Great Examples of Internal Conflict (And Why They Matter)

Doug Landsborough
April 20, 2023

Stories are all about conflict. I’ve said it with much sass before and I’ll say it with just as much sass again: a story without conflict is a textbook.

But, as fiction writers, we don’t want to write textbooks. We want to write page-turning stories our readers can’t put down. To do that, we need to understand what makes great conflicts and, more specifically, what makes great internal conflict.

You’ve come to the right place for that. In this article, we’re not only going to figure out why internal conflict is so important (beyond a sassy introductory sentence), but we’re also going to look at examples of well-written internal conflict in movies, television, and—of course—novels.

The whole time you’re reading, think about what makes these internal conflicts so compelling and memorable. A big part of writing is taking inspiration, dissecting it, and beautifully Frankensteining it back together into your own tale.

If you can remember that, then you’re going to come away with some great internal conflict ideas by the time you’re done this article.

Why is Internal Conflict so Important?

Before we dive into the deep end, let’s establish a definition of internal conflict and figure out why it’s one of the most important elements of your story.

In every story, there are two types of conflict: external and internal. External conflict is easy to understand, because it’s the big war splitting the country apart, the rival at work vying for the same promotion, or an extradimensional deity threatening to consume our universe.

So the stakes can be pretty big.

Internal conflict, on the other hand, is the fight going on within a character. It’s your average, ordinary, everyday person fighting the urge to stay home when they need to go on an adventure to save the world. It’s someone struggling with substance abuse trying to stay sober.

These conflicts usually aren’t flashy or sexy, but they’re still essential. They are the driving forces behind the growth (or corruption) of your characters. Without internal conflict, your characters can’t have compelling arcs. And I don’t think anyone has ever said, “It’s my favorite book because of that flat character.”

The best internal conflict is interwoven with external conflict. Sure, the retired knight can go fight the tyrannical king, but that means leaving their family and coping with PTSD from the trauma that caused them to hang up their sword in the first place.

See how much more interesting that is compared to “a knight has to fight?”

Try to remember that when planning your own internal conflicts. If you want a deeper dive into internal conflicts, check out this article over at DabbleU.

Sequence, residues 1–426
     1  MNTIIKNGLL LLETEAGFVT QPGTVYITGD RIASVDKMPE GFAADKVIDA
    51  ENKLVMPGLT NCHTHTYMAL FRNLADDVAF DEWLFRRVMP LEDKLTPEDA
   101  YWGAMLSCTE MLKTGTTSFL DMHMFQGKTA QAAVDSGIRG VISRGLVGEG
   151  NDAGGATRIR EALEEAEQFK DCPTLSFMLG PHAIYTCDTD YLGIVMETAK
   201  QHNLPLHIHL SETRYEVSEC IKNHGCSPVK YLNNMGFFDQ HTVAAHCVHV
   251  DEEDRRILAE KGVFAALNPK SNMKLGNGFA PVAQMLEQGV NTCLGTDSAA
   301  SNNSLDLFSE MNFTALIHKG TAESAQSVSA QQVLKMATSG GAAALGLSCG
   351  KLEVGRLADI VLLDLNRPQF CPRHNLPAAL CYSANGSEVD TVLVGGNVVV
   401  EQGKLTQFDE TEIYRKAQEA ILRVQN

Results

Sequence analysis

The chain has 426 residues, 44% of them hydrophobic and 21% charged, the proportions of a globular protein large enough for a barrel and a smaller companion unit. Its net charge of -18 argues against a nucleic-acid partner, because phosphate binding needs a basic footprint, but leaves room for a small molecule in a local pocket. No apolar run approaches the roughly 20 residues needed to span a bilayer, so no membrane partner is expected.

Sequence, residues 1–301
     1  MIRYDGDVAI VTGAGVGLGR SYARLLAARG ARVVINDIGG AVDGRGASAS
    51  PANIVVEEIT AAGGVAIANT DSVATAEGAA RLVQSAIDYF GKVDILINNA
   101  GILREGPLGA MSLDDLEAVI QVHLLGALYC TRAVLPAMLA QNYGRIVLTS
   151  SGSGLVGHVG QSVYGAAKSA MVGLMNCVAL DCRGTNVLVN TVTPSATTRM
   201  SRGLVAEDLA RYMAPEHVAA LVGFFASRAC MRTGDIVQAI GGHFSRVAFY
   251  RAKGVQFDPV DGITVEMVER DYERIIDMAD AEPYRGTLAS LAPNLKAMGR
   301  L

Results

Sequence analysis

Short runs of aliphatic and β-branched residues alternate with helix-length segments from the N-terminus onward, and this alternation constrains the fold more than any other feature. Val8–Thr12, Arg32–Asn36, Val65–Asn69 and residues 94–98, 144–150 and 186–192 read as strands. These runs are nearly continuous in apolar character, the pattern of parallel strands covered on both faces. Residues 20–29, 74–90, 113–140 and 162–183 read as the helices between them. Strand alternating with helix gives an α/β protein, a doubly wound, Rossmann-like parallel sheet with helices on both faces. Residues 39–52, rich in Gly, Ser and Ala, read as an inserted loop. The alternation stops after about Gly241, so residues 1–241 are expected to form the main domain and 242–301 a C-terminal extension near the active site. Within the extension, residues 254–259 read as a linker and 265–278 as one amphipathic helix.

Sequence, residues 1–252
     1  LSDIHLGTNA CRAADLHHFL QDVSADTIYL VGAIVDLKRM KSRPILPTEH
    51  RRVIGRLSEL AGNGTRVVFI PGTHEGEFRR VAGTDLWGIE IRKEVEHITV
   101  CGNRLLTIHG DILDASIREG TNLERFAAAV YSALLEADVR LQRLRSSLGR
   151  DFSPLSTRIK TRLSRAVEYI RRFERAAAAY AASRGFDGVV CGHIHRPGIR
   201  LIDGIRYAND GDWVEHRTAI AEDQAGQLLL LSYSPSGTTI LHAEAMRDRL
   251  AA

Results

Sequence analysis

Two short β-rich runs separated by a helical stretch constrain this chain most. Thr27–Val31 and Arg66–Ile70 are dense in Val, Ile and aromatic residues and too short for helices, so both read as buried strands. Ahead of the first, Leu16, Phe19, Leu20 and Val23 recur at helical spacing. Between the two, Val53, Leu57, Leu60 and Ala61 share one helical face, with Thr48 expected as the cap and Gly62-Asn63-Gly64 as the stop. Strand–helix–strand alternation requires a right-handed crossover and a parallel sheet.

Examples of Great Internal Conflict

Now let’s look at some examples of awesome internal conflict. These examples span different types of media and many years, proving just how enduring internal conflict can be.

While reading about them, look for:

  • The characters involved
  • The impact they have on the character experiencing the conflict
  • The impact they have on those around the conflicted character
  • How they tie into an external conflict.

First up, let’s look at some movies.

Internal Conflict in Movies

Movies force directors, writers, and actors to create incredibly effective internal conflict because they have comparatively little space to work with compared to television and novels. So those that do it well do it really well.

Here are five of the best internal conflicts in movies.

The Godfather (1972) - Michael Corleone (played by Al Pacino) struggles between loyalty to his family and his desire to break away from their criminal activities. This conflict bleeds into everything Corleone does. It drives the story of the film itself, meaning that The Godfather wouldn’t exist without such a powerful conflict. While it’s not a flashy gun fight, it shows the complexity of human nature and how difficult it can be to make choices that go against our own beliefs and values.

The Silence of the Lambs (1991) - Still in the FBI Academy, Clarice Starling (played by Jodie Foster), is determined to prove herself in a contest of intellect against the formidable (and horrifying) Hannibal Lecter (played by Anthony Hopkins). Starling struggles to balance her need to prove herself and catch Buffalo Bill with the psychological torment that comes with interacting with Lecter, all while struggling with past trauma of her own. What makes this internal conflict so notable is how well it’s connected to the external conflict created by Lecter.

The Shawshank Redemption (1994) - Andy Dufresne (played by Tim Robbins) struggles to maintain hope and dignity while serving a life sentence in prison. This conflict creates a powerful message of perseverance and resilience by showing us how, even in the darkest of situations, we can find a way to hold onto our humanity and stay true to our values.

Black Swan (2010) - Natalie Portman’s Nina Sayers struggles to maintain her sanity while vying for the lead in a ballet production. As Sayers spirals out of control, her fears and anxieties make us, the viewer, question what is real while showing us how our own struggles can make us lose touch with reality. Plus, that whole scene where she peels the skin back from her fingernail bed still makes me queasy.

Inception (2010) - In Inception, we see the unique way Dom Cobb’s (played by Leonardo DiCaprio) internal conflict has external implications. As Cobb struggles to let go of the trauma in his past, his memories start to influence the dreams he and his team invade and create increased danger. It doesn’t take a rocket scientist to understand how this internal conflict shows how our own thoughts and emotions can be our biggest obstacles to success.

Internal Conflicts in TV Shows

While movies have a short timeframe to develop internal conflict, television shows can spend many episodes developing and showing the ramifications of a character’s inner turmoil. Here are some of the best examples.

Breaking Bad (2008-2013) - Walter White (played by Bryan Cranston) decides to cook meth to provide for his family before cancer takes his life. I mean, can an inner conflict get more wild than that? This decision drives the story and creates a complex, layered character who is both sympathetic and terrifying. And it resonates with the audience by showing us how easily our own values can be compromised when faced with extreme circumstances.